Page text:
16th AAAI Conference On Artificial Intelligence And Interactive Digital Entertainment

Conference Summary

By Levi Lelis and Matthew Guzdial

The 16th installment of the AAAI Artificial Intelligence and Interactive Digital Entertainment (AIIDE) took place online from October 19 to 23, 2020. The main goal of the AIIDE series of conferences is to bring together AI researchers from academia and industry, game designers and developers, creative technologists, and media artists. 

This was the first online installment of the conference. Perhaps that explains the record number of participants and the record number of participants from different countries. As a base of comparison, AIIDE-19 had 94 participants from 13 different countries. AIIDE-20 had 168 participants from 24 different countries. The plot below shows the number of attendees by country for AIIDE-20. 

In AIIDE-20 all presentations were recorded prior to the conference and streamed live during the meeting. We streamed all videos from a session, back to back, and the authors participated on a discussion panel after all videos were streamed. The discussions we had at the end of the sessions were quite interesting. This was a lesson learned. Instead of limiting ourselves to asking questions to one author at a time, the discussions tend to be more interesting and interactive if the audience is allowed to ask questions to any presenter at any time, as we did in the panel. Moreover, in the panel format all presenters can answer the questions, even if the question wasn’t originally directed at them. The authors were also available on the chat while the videos were being streamed. Many interesting questions were asked and answered during the presentations.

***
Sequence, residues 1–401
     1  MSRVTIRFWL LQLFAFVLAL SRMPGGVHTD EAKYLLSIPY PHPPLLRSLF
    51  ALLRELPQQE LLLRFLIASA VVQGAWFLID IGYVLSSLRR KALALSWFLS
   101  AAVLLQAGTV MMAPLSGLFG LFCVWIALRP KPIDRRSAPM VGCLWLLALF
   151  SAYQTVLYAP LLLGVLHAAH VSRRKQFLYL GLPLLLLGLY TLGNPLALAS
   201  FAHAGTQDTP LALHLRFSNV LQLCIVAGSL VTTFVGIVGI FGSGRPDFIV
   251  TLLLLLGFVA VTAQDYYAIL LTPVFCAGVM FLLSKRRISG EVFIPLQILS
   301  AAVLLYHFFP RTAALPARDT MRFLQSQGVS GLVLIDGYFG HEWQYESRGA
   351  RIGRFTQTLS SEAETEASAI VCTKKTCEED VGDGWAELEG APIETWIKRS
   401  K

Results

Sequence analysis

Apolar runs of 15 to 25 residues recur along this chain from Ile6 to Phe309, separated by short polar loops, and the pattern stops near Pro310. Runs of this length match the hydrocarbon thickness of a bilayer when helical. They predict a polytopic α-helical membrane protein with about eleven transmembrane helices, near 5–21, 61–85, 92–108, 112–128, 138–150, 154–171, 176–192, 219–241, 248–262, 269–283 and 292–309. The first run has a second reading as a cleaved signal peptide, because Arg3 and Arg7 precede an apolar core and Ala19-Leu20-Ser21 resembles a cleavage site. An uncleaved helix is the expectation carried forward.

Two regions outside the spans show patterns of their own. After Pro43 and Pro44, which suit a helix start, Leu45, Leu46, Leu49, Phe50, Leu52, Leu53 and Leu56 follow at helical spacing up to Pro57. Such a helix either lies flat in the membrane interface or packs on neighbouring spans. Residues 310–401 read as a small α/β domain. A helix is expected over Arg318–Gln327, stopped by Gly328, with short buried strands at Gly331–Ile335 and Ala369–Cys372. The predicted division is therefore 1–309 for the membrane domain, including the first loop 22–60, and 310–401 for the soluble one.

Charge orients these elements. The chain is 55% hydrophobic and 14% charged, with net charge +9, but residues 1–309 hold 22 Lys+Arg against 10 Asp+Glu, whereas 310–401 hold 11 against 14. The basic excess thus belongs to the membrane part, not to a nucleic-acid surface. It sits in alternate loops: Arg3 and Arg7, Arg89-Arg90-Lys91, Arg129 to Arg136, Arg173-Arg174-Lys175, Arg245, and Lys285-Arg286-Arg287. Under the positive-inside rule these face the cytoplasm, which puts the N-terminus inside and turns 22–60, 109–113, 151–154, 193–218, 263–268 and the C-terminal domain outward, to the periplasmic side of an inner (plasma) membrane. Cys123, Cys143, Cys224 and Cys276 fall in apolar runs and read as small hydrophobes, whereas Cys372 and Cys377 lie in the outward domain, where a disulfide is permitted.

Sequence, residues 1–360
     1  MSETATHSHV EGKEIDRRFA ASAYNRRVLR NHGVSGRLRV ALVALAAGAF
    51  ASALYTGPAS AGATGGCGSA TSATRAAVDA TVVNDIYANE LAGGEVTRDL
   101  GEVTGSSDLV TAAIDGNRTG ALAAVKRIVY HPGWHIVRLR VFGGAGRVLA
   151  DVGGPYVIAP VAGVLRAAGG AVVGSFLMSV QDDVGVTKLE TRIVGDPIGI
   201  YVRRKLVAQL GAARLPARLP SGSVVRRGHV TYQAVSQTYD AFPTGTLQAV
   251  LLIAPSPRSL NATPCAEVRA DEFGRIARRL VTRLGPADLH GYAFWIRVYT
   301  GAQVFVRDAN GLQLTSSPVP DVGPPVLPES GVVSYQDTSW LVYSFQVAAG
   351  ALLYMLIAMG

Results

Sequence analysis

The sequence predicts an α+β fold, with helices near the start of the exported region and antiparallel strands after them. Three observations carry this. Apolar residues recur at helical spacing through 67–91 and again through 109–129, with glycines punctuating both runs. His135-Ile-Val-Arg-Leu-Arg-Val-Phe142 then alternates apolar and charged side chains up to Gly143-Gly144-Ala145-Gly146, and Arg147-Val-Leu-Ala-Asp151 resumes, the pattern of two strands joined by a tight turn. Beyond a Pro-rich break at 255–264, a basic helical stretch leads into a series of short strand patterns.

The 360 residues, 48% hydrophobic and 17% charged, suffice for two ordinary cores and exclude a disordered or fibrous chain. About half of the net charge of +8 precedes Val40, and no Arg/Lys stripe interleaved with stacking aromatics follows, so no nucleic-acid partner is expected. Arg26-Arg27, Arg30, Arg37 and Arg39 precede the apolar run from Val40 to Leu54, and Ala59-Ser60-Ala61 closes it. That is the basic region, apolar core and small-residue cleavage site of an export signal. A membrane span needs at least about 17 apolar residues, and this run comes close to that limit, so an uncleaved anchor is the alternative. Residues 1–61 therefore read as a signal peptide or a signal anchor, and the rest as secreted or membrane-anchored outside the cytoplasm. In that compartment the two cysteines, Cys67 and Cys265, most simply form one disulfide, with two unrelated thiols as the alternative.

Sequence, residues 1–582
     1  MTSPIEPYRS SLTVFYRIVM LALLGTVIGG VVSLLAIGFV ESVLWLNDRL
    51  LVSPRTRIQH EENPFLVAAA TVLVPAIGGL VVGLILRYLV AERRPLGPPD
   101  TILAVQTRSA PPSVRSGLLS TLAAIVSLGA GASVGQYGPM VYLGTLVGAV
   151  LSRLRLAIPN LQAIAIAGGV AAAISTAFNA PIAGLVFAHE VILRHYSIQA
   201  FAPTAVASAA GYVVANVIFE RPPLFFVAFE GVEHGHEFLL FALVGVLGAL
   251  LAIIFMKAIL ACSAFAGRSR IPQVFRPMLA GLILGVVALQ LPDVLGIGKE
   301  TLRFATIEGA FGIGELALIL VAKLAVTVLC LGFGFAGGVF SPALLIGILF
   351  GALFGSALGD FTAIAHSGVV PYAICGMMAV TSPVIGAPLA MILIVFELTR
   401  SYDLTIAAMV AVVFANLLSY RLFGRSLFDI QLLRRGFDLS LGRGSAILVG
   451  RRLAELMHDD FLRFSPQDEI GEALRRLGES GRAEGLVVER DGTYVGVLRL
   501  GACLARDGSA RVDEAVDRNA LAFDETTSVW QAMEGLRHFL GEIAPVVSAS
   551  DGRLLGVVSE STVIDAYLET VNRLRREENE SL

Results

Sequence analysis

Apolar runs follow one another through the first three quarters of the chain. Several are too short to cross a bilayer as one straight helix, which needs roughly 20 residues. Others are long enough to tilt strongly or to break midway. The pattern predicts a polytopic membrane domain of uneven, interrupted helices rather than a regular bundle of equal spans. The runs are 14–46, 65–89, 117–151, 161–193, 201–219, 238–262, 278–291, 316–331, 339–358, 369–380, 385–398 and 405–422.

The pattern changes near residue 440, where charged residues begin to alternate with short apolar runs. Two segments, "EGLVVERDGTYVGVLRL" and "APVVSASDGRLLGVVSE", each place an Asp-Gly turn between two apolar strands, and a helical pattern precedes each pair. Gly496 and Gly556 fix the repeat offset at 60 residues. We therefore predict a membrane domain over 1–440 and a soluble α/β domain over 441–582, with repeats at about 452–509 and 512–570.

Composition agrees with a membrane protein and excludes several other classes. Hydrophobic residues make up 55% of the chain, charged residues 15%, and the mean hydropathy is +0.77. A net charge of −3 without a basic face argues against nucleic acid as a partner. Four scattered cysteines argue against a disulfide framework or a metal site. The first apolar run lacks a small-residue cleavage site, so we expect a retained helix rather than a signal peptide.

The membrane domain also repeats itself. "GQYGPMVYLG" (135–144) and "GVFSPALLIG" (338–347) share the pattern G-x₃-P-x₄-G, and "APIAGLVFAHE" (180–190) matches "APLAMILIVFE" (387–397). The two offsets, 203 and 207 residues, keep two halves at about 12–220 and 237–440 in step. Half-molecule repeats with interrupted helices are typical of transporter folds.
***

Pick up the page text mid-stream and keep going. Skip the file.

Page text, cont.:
One unique feature of this online conference was the use of a Discord server. We employed this server in a number of ways to help foster a feeling of community. First, as a stand-in for coffee break discussions, with several virtual “tables” made up of a text channel and an audio channel. On average, two of these tables were in use during each coffee break. This was helpful as a way for authors and conference attendees to continue conversations after a virtual session. We also similarly had a series of “rooms” (also with a text/audio channel setup) for after-conference socializing. At least one of these was in use every night, most commonly with freeform discussions or games of Among Us. Finally, we made use of this server during the poster/demo session, which allowed attendees to virtually “wander around” and pop in on different offerings.